Post-ex analysis

Found 9 Items

Crossrail
December 20, 2016

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A cross section diagram of a Roman updraught kiln showing the arrangement of a movable floor propped up on pilasters, on which pots would be stacked. Above ground level, a dome of clay and turf (not pictured) would insulate the load. A fire would then be set in the opening on the left (the ‘firebox’ or ‘flue’), the resulting heat being drawn up into the kiln by air currents.
‘What have the Romans ever done for us?’: the Roman Ceramic Revolution in Cambridgeshire
March 18, 2021

The numerous archaeological surveys we have carried out on the A14 Cambridge to Huntingdon improvement scheme have revealed a huge range of archaeology, dating from the earliest hunter-gatherers to the Second World War. Most recently, excavations by MOLA Headland Infrastructure have revealed new insights into the Roman Ceramic Revolution in…

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Metal finds from the A14 Cambridge to Huntington Improvement Scheme
Highways England and MOLA Headland provide learning opportunities for Archaeology Masters Students
December 15, 2020

“It sounds like everything I could have dreamed of” were the thoughts of Lanah Hewson when she applied for an exciting MA Studentship opportunity with MOLA Headland Infrastructure in January 2020. Six months later, Lanah and fellow Archaeology masters student and successful applicant, Jemma Moorhouse, had joined the company and…

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Dissecting the past: Park Street studies shed light on how student anatomists honed their skills
February 19, 2020

Don Walker, Senior Human Osteologist for MOLA Headland Infrastructure, is one of a team of experts who have studied over 4,000 burials as part of post-excavation work at Park Street burial ground in Birmingham. This work was carried out for the design consultant WSP (in consortium with Ramboll) and Principal…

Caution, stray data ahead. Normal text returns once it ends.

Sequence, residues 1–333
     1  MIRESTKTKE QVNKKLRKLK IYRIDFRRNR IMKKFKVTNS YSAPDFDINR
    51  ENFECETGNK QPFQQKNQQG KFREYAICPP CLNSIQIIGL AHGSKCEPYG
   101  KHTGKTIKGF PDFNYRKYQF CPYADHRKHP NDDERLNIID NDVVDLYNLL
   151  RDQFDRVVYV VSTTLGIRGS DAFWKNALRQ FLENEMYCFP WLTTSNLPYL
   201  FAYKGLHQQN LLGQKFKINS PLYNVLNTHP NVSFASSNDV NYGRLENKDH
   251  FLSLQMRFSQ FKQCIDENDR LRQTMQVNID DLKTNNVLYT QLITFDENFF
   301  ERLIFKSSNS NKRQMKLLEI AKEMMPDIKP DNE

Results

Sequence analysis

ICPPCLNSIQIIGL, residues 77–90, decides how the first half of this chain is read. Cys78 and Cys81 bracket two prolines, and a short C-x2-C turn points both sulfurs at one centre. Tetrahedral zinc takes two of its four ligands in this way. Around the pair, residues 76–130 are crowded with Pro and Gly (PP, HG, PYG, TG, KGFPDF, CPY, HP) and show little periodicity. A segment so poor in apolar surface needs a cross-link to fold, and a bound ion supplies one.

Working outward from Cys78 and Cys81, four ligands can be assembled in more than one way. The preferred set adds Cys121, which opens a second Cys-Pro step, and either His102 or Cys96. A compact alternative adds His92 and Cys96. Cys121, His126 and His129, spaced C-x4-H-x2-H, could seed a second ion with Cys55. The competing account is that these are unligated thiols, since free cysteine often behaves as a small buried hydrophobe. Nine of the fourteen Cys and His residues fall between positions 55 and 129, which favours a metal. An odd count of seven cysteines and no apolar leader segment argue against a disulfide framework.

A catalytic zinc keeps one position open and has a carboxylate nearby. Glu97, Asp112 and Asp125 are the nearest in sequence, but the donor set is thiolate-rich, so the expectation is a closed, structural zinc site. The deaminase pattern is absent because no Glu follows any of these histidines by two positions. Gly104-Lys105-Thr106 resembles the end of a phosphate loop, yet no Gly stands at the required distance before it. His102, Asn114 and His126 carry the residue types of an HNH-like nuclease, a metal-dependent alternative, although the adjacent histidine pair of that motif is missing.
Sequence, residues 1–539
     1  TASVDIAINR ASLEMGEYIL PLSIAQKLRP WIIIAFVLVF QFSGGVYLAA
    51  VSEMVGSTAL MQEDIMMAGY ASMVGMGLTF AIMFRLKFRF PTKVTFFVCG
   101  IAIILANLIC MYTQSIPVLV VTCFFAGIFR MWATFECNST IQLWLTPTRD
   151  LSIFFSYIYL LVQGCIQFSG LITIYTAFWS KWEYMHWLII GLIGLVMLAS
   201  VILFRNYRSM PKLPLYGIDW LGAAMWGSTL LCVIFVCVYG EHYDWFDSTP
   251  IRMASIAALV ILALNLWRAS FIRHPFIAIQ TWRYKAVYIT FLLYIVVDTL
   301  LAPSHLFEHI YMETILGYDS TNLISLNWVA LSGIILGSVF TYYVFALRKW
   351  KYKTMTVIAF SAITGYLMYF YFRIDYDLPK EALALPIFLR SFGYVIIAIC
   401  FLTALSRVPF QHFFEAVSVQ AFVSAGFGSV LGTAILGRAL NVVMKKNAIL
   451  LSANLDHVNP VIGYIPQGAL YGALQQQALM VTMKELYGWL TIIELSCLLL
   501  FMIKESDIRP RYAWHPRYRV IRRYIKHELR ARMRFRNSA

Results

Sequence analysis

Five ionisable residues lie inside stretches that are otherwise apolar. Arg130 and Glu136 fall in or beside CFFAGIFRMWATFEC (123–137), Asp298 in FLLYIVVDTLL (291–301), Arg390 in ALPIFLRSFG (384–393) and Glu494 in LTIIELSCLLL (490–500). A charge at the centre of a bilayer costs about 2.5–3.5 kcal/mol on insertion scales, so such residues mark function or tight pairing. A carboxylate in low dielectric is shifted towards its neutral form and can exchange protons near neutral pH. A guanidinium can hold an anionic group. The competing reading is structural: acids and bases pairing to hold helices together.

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MOLA Headland Archaeobotanist Lara Gonzalez Carretero studies botanical remains from A14C2H (c) Highways England courtesy of MOLA Headland
Food or foe? Exploring unusual plant foods along the A14 Cambridge to Huntingdon improvement scheme
August 12, 2019

Archaeobotanical remains, from prehistory to the post-medieval period have been uncovered along the A14 Cambridge to Huntingdon improvement scheme. We know that cereal crops such as wheat and barley were staple plant-based foods at ancient settlements and sites along the route, and we uncovered the earliest physical evidence of the…

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The value of excavating Park Street to understanding the development of Birmingham
July 5, 2019

Josephine Adams is a historical researcher and specialist in burials in 19th century Birmingham. In this blog she explores past excavations in Birmingham and the potential of the Park Street burial ground excavations, being undertaken by MOLA Headland on behalf of LM for the HS2 project, to allow a better…

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Fired clay loom weights (c) Highways England courtesy of MOLA Headland Infrastructure
Archaeological finds: A human connection to the Cambridgeshire landscape through time
October 10, 2018

Once finds have been carefully lifted from the ground, they immediately begin their journey through the post-ex process. We carefully bag and label them, which means that when they arrive at our processing facilities, we still know exactly which layer they came from or which feature they were found in…

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From dig to desk: the story of the A14C2H archaeology programme is just beginning
September 13, 2018

As the excavations on one of the UK’s largest ever archaeological projects draw to a close, we now start the huge challenge of pulling the results together, to paint a more detailed picture of over 6000 years of history. The archaeology programme of  the A14 Cambridge to Huntingdon improvement scheme…

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A45 Northampton to Daventry Link Road
December 20, 2016

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